The Weimaraner can remain juvenile-like for three years with teenage flakiness surfacing from time to time. I laugh at people who want this breed and expect them to be easy to manage and hope to get them trained in the first six months. They are not that kind of dog. At the same time, some experience extraordinary success. Their puppy is super intelligent, and their style of follow-through nets the desired outcome. Nevertheless, behavior issues loom large on the horizon.
A lot can and should be accomplished in the first year; however, you cannot achieve whatever and rest on your laurels so to speak. While the adult can seem like the perfect all around dog, it is a bit deceptive. This same dog can freak-out due to separation anxiety and eat the siding off your house. Left alone, they might dig a hole (in fifteen minutes) large enough to park a Jeep underground. Or, you might enter a room or arrive home to find the sofa arm forever gone.
Cliff and I never fail to mention that the breed is characterized by various quirks and quandaries. Nonetheless, for many nothing else but the Weimaraner will do. Many people who give so much to their clients (those working in the medical, criminal, or legal fields in particular) receive a type of therapeutic love from the Weimaraner. All that considered, my mantra is Freedom is earned. Giving a new puppy too much room, or forgetting to make sure they are able to maintain when you are out of the house (or just the room) can prove costly on so many levels.
More about our Adventure
~ Part ThreeUps and Downs
We had some trouble early on with puppy biting. When I tried to correct Loki he would get angry, which worried me. I’ve since used your advice, Shela—a good screech stops him in his tracks! Since then, I’ve screeched and redirected him to something he’s allowed to chew on, and I haven’t had many issues this past week. I’m keeping Cliff’s trick in reserve in case we have more serious difficulties in the future, but for now, we’re on a good, positive track. Though Loki did well with the crate the first couple of weeks, he’s become more vocal this past week and I’ve temporarily revoked his office privileges (his crate is now in an area where his complaints won’t bother anyone). I imagine his increasing energy levels have something to do with it, so I’m making sure he gets more exercise, and he still gets some nice breaks from his crate throughout the day. I’m hoping this is just a phase, and that he learns that fussing won’t get him out of his crate (I’m also doing work to make sure that his crate is a positive place for him—he just objects to not being the center of attention, I think!).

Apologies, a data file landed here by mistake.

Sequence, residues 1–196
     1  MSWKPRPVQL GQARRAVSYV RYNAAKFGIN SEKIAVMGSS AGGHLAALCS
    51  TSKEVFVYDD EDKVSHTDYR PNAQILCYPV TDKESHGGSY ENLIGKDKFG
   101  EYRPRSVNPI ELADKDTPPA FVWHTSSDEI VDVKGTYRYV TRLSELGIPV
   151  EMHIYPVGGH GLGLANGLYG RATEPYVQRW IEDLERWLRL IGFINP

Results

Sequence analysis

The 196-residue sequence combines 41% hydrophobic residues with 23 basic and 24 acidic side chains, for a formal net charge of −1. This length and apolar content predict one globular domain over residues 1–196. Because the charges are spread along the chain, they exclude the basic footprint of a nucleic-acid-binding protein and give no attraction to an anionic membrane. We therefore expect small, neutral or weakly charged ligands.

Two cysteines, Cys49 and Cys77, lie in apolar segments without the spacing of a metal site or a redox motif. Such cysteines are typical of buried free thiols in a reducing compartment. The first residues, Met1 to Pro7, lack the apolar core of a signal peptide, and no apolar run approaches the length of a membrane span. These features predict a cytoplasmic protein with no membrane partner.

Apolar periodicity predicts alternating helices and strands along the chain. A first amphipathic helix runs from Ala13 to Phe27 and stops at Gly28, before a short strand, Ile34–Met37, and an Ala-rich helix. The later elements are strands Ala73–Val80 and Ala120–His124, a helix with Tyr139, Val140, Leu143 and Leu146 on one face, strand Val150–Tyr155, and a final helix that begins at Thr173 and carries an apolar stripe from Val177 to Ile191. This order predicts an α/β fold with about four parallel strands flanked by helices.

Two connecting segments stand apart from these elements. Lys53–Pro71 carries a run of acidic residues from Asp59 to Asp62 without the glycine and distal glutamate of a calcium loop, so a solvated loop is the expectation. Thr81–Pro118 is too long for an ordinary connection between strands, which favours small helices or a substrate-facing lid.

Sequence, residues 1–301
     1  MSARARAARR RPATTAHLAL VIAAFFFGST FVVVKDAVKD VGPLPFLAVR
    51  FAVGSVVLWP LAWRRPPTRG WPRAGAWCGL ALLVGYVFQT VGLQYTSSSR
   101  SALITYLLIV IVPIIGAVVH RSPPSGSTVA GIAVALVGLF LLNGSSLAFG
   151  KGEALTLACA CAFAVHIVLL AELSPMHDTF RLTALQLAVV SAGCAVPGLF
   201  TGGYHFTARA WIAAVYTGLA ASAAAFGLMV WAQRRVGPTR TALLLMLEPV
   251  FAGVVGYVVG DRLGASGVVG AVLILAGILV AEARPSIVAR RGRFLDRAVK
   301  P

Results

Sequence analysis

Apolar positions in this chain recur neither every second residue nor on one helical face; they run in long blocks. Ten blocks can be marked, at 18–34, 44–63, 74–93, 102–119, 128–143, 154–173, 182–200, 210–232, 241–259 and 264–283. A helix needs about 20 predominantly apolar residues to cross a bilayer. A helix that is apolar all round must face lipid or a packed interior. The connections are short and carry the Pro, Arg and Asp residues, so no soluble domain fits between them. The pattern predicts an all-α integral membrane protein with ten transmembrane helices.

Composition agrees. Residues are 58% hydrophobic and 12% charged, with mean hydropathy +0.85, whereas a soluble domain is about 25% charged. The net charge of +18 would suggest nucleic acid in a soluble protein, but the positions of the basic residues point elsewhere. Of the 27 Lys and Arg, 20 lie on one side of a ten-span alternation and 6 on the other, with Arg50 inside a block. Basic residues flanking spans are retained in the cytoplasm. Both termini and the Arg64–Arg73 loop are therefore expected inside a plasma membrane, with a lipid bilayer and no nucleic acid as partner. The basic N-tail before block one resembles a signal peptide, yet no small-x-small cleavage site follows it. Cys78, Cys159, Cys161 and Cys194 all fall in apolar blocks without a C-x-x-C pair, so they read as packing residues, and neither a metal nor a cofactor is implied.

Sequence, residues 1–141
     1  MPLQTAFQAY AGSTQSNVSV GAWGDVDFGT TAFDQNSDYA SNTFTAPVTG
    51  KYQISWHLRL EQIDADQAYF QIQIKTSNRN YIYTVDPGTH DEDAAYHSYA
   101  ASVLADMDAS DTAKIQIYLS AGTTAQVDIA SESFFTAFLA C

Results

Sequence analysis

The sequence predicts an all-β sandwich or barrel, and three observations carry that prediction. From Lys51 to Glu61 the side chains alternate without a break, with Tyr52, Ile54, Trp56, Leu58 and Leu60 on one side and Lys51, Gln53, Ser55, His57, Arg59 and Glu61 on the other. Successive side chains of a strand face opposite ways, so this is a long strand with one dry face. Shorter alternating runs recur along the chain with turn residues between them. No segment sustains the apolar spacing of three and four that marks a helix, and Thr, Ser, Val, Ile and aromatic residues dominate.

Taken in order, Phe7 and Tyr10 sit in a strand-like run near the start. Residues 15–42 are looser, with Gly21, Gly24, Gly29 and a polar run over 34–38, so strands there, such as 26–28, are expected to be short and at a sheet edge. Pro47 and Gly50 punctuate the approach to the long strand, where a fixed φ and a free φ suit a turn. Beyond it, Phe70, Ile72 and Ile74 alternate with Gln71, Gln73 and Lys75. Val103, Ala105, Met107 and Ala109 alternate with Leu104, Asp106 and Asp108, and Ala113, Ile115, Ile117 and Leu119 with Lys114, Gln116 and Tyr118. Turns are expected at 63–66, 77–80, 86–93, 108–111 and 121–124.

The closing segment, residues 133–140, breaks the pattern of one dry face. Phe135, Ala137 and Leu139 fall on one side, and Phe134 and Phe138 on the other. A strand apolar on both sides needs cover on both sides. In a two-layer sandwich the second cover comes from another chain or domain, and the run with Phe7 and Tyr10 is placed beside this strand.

We had a nice visit with the vet for Loki’s 9-week shot. She was impressed with the detailed portfolio you sent and is supportive of the vaccine protocol. She is also happy that I’m feeding the Diamond Naturals Large Breed Puppy Chow with the NuVet supplement. Good news—one of Loki’s testes has descended, and the other was in a good position, so I think we’re going to be just fine on that account. She is also an advocate of neutering closer to the 6-month mark rather than to wait longer.
Loki and I are getting along quite nicely. He’s already my little adventure buddy, and he’s always up for snuggle time at the end of the day. I love this little guy—he is so intelligent and energetic. Though I wrote a fair amount about training, to Loki it’s all fun and games, and I intend to keep it that way. Thank you for all your help in selecting Loki. We’ll be sure to keep you updated!
Click Here for Part One
Click Here for Part Two
Thanks, Erica, for providing so much information about your process and Loki. The photos were outstanding, too! We look forward to hearing from you in the future. Keep up the great work.